What Can We Learn from the Misdemeanor Diversion Program in Durham County, North Carolina?

Kelly Andrews
Diversion Coordinator, Durham County at the Criminal Justice Resource Center

Diversion Incarceration Trends Pretrial Services August 3, 2021

A successful misdemeanor diversion program at a Safety and Justice Challenge site in Durham County, North Carolina, can serve as inspiration for jurisdictions across the country as they seek to reduce jail populations and preserve public safety.

The diversion program shows collaboration between law enforcement and community groups in Durham County, and is the subject of an initial process evaluation by the Urban Institute, which you can download here.

The Urban Institute has not yet completed an accompanying outcome evaluation to see how the perceived impacts reported by relevant stakeholders align with measurable impacts available through local metrics —it is forthcoming in fall of 2021. But the county has been tracking its own numbers and it estimates that just under 800 people have gone through the program since 2014, with 99 percent of participants completing it. Of those, about 95 percent remain out of trouble after a year. Again, the Urban Institute—which is renowned for its rigorous, independent research—has yet to verify those numbers as an independent evaluator of the program. But in the meantime, the county is displaying them on its public-facing website as early evidence of the program’s success.

The Misdemeanor Diversion Program (MDP) began in 2014 to keep children out of the criminal justice system, because North Carolina had such antiquated laws related to minors. Until the ‘Raise the Age’ legislation passed in December, 2019, the state was automatically charging 16 and 17-year-olds as adults in the justice system and giving them adult criminal records.

The program allows law enforcement officers in Durham County to redirect people accused of committing their first misdemeanor crime(s) to community-based services in lieu of citation or arrest. What is unique about the program is that it occurs prearrest and pre-charge, meaning someone law enforcement officers may believe has committed a crime is not arrested or charged and does not formally enter the justice system in any way.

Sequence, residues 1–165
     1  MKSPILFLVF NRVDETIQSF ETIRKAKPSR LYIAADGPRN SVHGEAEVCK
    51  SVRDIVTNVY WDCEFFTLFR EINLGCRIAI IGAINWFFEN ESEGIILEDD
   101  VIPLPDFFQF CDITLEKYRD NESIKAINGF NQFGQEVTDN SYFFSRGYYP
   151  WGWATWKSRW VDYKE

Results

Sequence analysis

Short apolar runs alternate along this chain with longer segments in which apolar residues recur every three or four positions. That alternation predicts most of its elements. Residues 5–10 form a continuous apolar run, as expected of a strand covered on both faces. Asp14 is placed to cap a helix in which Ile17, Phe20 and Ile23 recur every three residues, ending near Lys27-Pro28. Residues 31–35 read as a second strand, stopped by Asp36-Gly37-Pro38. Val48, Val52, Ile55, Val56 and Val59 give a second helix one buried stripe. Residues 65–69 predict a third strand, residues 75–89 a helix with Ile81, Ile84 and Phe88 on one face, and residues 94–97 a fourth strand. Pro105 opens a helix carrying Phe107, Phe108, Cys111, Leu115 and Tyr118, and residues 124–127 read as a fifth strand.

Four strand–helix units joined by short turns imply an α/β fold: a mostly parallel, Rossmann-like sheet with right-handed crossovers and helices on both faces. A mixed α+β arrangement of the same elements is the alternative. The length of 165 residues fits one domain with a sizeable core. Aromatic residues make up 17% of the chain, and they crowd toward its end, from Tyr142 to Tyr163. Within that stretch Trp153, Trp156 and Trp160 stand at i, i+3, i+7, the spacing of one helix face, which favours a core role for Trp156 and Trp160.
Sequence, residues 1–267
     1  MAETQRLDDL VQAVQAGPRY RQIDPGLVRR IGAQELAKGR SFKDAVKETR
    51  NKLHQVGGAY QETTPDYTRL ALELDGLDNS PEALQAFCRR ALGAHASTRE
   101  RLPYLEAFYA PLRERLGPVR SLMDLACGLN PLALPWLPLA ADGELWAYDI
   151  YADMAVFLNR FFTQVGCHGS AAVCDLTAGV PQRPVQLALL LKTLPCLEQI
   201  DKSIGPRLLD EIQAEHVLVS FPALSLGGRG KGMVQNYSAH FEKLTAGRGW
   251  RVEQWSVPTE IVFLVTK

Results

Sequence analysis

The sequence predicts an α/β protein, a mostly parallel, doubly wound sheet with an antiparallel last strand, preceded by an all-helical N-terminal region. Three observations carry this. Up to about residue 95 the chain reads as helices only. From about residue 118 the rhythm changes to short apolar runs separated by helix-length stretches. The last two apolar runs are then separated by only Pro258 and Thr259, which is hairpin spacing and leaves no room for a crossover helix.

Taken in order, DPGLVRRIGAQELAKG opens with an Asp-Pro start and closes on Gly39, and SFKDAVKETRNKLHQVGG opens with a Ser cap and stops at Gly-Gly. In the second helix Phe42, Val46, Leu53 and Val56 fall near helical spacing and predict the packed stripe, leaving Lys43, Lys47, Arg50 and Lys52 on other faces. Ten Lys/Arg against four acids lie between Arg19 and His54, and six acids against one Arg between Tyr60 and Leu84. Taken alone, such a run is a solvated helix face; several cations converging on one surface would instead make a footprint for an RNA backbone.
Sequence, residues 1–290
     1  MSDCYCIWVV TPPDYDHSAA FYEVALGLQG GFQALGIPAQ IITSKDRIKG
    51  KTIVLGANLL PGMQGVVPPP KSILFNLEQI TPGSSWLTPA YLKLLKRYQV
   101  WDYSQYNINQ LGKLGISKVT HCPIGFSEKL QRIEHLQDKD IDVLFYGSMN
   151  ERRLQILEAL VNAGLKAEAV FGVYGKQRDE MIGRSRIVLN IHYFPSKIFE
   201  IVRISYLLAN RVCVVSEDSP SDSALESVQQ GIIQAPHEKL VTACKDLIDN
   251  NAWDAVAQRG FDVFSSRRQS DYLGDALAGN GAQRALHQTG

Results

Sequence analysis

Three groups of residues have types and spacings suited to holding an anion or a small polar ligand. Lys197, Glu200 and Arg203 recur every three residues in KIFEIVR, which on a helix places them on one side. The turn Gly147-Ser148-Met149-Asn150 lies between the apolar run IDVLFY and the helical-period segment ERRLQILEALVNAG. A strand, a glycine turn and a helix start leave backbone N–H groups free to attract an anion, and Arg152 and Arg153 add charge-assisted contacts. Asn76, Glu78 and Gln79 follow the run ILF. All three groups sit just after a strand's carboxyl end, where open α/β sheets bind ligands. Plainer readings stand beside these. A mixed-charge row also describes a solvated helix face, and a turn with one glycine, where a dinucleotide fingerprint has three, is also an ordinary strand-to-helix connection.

The program expanded to benefit adults up to 26, with older adults at law enforcement discretion. And other jurisdictions have replicated it across the state. It was based on a simple foundational principle: The need to avoid involvement in the justice system, where possible. It aimed to be as unrestrictive as possible while providing participants with the support necessary to move forward positively.

In the first week, the program got just two referrals. But a key element of the program’s success came in 2016 when the Durham Police Chief at the time created an executive order, taking discretion away from Durham Police officers and making referral of eligible individuals to the program mandatory for the Department.

The need for a program like the MDP in Durham County was well articulated by county stakeholders and participants who participated in the process evaluation. All stakeholders feel that people—youth in particular—do not need to be arrested and deserve “a second chance,” as some put it, if they do not pose a threat to public safety. Members of local law enforcement also believe the program has been useful and impactful. However, many local stakeholders believe that the community still needs more prearrest diversion opportunities whenever possible.